One day in October, after a one millionth conversation with my friends about moving back and still not being able to even give a 50% yes or no, I picked up 1 Kings again.

In this part of 1 Kings that had been vexing me for months, Elijah is basically being hunted by the King Ahab and his wife Jezebel, so Elijah runs away.  He goes out into the wilderness alone.  He tells God that he has had enough, that he is exhausted from the struggle to survive that his life has been, and asks God to take his life and prayed that he would die.  I would be lying if I said I didn’t feel like this at several different points throughout the past several years, that the struggle has just been enough. I’m sure you can relate.  Elijah falls asleep under a tree in the middle of the desert where he is fed by angels.  God providing in a way that only He can.  The angels tell Elijah, “eat because the journey is too great for you”.  In reading this originally I was just annoyed that the Lord wasn’t going to end the journey and end the work and end the hardship right there, as Elijah is laying in the desert wishing for death. I was annoyed that He would just keep Elijah alive to tell him you’ve got a long way to go, you’re going to need this sustenance.  I thought, how discouraging.  The food provided by God gave Elijah enough energy to wander into the wilderness for 40 days and 40 nights until he got to a place that was called “The Mountain of God”.   God asks, “What are you doing here Elijah?”.  When God asks a question, it’s always rhetoric.  Obviously He doesn’t have a question, so that just left me thinking shouldn’t you just be telling him what he’s doing here since you are the one who brought him here?  He definitely doesn’t need more question marks right now, Lord.

Elijah prays earnestly here, at the mountain of God.  There is an earthquake, a fire, a tornado, but none of these major “signs” or catastrophes were from God, and Elijah had the discernment to see that.  After these things, He hears a “still small voice” that is God’s.  Not some undeniable sign, not a hand written letter, not an angel, not a dream, but a still small voice I imagine that was resounding in his heart.  Elijah is distraught through this process.  He tells God multiple times that these people are trying to kill him and destroy the faith of God’s chosen people. God asks Him again, “What are you doing here Elijah?”.  Elijah says again in so many words, they are trying to kill me, and this is the only place I’m safe.  Then, after this back and forth between God and Elijah, God tells him to turn around, and go back where he came from, go back through the wilderness; go back to the place and the people that you are running from.  I read this over and over and over and finally it was speaking to me.  I didn’t need Jesus to descend and tell me to move back to Atlanta. It didn’t need it to make complete sense.  It didn’t matter that I was making a return that would inevitably be hard.  It didn’t matter that I had come to this place only to be sent back from the place that I came from, like Elijah.

Through this story, God was asking me to consider what am I actually doing here in California.  When I considered that, I realized that the work that needed to be completed in me here was finished, and that I was not mistaken in thinking that God was pushing my heart back in the direction that I came from: Atlanta.  The next step in the long and arduous journey for me would be to turn around and go face what I was running from.  I was terrified to step into that decision, but it was becoming clearer and clearer that that’s what I needed to do.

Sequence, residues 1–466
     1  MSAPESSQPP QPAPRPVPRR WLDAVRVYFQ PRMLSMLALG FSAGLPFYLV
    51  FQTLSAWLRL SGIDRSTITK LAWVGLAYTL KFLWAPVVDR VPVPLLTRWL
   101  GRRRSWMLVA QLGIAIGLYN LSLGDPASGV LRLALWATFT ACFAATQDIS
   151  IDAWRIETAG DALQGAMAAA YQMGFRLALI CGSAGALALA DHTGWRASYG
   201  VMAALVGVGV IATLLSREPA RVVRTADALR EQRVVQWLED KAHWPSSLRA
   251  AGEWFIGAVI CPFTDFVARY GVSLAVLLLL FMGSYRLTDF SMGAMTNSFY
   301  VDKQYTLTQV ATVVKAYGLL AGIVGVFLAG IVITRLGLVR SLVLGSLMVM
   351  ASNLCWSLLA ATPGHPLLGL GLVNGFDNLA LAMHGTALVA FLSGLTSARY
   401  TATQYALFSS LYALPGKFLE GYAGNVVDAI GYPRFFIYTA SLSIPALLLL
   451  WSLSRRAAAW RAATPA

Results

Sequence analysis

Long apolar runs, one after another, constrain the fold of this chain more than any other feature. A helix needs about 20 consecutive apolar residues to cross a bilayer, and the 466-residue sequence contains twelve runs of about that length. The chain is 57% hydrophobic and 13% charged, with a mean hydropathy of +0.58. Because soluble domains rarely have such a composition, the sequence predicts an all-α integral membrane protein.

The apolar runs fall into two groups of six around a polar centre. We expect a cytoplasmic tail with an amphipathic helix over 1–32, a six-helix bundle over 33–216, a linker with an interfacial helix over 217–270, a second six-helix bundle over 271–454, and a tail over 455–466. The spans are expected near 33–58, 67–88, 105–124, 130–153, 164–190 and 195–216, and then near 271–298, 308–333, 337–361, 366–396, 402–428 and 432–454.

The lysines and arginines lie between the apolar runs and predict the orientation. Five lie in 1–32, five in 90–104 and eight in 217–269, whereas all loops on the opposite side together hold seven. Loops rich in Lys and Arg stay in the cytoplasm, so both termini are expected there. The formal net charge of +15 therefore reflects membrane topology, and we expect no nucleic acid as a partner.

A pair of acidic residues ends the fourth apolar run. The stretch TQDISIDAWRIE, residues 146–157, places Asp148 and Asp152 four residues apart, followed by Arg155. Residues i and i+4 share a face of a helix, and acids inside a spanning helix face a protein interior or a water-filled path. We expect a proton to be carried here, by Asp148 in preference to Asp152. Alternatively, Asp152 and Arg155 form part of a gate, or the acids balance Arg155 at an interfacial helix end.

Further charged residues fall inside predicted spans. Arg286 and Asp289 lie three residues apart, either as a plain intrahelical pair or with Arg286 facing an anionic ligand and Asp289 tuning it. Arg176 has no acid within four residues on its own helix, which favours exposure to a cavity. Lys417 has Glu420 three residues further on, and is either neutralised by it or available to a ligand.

I’m moving back to Atlanta at the end of next month.  So far in my decision to move back, God has showered, no – bathed, completely submerged me, in His grace and faithfulness.  Jesus has brought my life full circle.  He has completed things in me and in my life that looked like a pile of ashes just a few months ago.  I feel full and loved and known.  I feel like He took every fear that I had, that I stared at and said I will face this with you, and alleviated it entirely.  He plucked me out like a delicate flower that needed extra attention, made me bloom on my own while fixing up the garden I left behind, and then put me back in the garden that He had pruned to become more beautiful, a garden that could then be a home to me.  The pruning part is never easy, but when you see how well things grow after the bad pieces are sheered away, you would do the pruning all over again.  As He tells Elijah in 1 Kings, the journey ahead is long but I’m giving you sustenance, I know this is what He has done for me.  I know there are things ahead to work through and figure out, but this year has been a year of sustenance for me.

California has been perfect, and I’m going to try as hard as I can to live a bi-coastal life because there is still a little part of me that feels like I belong here.  But I know when it comes down to seeking adventure, or being able to swim in the ocean every day in comparison with loving, and being loved by the people who are most important to me, there is no contest.  I’m coming home because I have people that I love, people that know my heart, my quirks, what makes me laugh and what makes me cry, and I don’t want to replace them with new ones.  When my best friends have their babies, I want to be there.  When one of them is struggling, I want to struggle with her.  When one is celebrating, I want to dance in the living room with her, not face-time about it.  When the boys have a flag football game, I want to be on the sidelines cheering.  When the Dawgs have an away game, I want to be playing corn-hole in the backyard surrounded by them.  When the sun starts shining in May, I want to be laying on the beach, and doing low country broils in St. Simon’s with them.  These might seem like the most insignificant things to anyone but me, but these are my things, things that I love and hold dear.  These are the things that make up my life.  It’s not Hollywood events, or traveling to every continent, or having a house in Malibu one day that my life is made up of.  It’s made up of the people that I love, and getting to celebrate and mourn and live with them.  Of the billion things I’ve learned this year, I’ve especially learned that it doesn’t matter where you are, but it’s the people that make the place.  That’s what is bringing me home.  My place is with my people, even if it is a little land locked…